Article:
Nevada Short Trial Rules
Over the past several months, Nevada attorneys and federal judges have collaborated to draft Short Trial Rules,. Short Trial Rules grant parties involved in Civil cases the opportunity to participate in an expedited, condensed trial.
How do these trials work?
Short Trials are voluntary. To participate, parties must execute an Agreement for Short Trial and a Request for Approval. The agreement is not effective until it has been reviewed by the presiding judge. To begin a short trail, participating parties must submit a Stipulated Scheduling Order and Discovery Plan. Each participating party must meet with the presiding judge to confer, exchange documents, identify witnesses, and execute a discovery plan. No later than 7 days before the pretrial conference, each party shall prepare a joint pretrial memorandum containing a brief statement of the nature of the claim(s) and defense(s); a list of witnesses, a list of exhibits, and any other matters to be discussed at the conference. The parties shall also submit all evidentiary objections to reports, documents, or other items. No later than 10 days before the scheduled trial date, the presiding judge should hold a conference with the parties to discuss matters relative to the trail.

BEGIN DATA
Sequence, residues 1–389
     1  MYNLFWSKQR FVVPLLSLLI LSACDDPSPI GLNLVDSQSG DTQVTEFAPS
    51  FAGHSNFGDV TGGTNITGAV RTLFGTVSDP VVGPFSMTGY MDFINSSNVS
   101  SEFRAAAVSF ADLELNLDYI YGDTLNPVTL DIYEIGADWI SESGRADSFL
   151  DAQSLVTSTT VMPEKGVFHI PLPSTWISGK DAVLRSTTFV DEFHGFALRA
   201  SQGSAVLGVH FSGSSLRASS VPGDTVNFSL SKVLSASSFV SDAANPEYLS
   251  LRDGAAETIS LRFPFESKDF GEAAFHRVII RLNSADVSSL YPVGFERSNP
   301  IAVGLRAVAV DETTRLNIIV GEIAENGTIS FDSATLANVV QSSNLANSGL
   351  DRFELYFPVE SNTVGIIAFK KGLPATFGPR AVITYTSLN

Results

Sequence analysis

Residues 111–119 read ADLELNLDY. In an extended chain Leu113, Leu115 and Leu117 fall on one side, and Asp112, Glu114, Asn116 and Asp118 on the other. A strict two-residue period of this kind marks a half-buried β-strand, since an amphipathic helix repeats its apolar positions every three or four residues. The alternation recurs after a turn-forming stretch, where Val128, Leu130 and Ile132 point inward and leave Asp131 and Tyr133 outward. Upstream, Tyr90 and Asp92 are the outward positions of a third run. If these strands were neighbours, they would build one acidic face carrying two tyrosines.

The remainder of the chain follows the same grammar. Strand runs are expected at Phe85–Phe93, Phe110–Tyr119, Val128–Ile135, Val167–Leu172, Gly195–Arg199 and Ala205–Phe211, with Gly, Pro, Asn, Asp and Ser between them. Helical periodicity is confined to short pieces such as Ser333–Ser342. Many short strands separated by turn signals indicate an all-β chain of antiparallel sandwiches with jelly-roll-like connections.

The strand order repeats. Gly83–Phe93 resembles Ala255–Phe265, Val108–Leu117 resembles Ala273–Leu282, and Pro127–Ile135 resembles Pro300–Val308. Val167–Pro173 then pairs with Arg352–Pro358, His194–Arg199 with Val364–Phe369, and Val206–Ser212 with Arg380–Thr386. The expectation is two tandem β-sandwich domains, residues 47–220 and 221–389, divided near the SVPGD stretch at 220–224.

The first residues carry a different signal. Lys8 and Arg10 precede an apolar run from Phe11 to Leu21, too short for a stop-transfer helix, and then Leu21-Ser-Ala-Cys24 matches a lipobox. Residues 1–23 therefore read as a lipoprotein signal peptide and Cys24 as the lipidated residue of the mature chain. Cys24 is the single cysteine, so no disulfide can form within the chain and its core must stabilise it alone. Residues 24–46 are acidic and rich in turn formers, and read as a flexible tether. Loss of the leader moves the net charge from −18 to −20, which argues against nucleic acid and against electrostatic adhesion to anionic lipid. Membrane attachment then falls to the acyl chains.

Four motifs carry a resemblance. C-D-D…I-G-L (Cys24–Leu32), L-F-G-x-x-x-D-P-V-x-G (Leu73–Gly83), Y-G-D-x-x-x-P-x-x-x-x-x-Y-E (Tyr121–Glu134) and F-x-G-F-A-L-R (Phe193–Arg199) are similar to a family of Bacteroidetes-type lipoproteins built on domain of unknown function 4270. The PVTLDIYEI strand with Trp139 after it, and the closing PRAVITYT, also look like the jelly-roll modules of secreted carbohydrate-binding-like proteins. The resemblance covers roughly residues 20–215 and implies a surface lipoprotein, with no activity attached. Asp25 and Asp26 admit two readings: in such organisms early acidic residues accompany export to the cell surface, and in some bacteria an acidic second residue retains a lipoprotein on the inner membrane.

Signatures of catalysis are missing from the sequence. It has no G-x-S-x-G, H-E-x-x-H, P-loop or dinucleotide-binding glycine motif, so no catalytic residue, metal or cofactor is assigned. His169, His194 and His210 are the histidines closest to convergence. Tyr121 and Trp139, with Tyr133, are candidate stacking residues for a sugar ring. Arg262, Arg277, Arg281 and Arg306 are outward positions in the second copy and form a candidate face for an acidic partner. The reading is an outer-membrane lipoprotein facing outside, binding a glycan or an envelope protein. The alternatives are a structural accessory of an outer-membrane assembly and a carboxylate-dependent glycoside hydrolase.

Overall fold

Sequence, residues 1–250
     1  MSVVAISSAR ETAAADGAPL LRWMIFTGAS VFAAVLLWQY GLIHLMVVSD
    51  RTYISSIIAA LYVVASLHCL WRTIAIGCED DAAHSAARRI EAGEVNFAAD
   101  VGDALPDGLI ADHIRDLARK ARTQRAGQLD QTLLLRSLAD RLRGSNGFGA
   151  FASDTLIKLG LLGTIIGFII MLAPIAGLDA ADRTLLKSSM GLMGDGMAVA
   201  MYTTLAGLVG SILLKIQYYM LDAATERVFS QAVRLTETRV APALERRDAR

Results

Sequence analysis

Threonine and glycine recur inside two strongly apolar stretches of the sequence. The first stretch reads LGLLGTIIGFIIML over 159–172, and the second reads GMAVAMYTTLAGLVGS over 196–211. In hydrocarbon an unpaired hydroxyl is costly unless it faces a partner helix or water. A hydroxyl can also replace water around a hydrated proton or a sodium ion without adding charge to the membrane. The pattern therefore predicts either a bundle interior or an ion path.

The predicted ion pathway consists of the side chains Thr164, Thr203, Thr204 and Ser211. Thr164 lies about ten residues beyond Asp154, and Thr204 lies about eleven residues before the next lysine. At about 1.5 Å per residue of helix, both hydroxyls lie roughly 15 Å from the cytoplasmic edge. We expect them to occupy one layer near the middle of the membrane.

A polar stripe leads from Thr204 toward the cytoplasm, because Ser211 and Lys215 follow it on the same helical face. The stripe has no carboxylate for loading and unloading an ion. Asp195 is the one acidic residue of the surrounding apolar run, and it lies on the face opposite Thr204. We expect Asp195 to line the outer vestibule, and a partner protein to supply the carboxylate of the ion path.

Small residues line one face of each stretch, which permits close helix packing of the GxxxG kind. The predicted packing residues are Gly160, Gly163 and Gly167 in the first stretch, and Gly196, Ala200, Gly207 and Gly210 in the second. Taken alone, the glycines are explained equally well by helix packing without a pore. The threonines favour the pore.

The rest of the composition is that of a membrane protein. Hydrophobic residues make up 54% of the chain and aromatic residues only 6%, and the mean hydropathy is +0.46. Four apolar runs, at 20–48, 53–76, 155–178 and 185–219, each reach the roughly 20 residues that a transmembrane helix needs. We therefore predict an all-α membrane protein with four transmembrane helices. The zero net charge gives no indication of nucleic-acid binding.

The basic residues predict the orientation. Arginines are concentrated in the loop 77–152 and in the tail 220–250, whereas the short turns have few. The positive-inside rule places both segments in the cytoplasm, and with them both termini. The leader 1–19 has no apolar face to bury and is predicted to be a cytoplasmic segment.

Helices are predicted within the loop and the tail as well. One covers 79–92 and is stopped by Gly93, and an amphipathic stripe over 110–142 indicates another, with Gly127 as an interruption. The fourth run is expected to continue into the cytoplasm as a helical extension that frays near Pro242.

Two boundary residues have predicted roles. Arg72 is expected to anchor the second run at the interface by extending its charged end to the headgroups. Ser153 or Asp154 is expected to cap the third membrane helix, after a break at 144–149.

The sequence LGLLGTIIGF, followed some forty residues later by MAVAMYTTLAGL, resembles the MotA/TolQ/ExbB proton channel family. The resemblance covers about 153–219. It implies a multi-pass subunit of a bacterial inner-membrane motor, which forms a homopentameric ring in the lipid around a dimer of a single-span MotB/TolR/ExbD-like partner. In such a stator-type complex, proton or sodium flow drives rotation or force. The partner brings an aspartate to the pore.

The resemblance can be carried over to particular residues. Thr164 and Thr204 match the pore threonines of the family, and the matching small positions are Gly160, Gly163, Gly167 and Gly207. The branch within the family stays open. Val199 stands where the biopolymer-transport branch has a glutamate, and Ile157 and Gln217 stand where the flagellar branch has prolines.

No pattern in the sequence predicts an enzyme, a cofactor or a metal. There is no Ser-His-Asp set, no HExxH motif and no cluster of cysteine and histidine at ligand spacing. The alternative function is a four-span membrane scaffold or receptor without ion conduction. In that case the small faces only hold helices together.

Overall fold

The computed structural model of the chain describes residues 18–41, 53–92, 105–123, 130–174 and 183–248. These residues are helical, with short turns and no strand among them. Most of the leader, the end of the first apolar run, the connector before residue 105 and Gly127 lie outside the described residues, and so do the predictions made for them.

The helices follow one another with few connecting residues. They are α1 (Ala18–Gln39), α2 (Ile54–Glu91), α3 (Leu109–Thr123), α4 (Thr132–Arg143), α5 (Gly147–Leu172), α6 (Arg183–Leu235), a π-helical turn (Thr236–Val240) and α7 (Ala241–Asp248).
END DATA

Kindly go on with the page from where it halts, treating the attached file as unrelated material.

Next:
Parties are encouraged to use written reports and declarations in place of oral testimony. The jury shall be composed of 4 members. Plaintiff(s) and defendant(s) are allowed up to nine hours each to present their cases. Judgment shall be entered upon the short trial jury verdict form in a jury trial. Parties to cases in the short trial program may agree at any time that the results are binding, final, and non-appealable. If the parties do not agree that the results are binding, any party shall have the right to file a direct appeal of the final judgment to the United States Court of Appeals for the Ninth Circuit. Only under extraordinary circumstances, may a request for continuance be granted.
For more information on the Short Trial Rules, please contact us.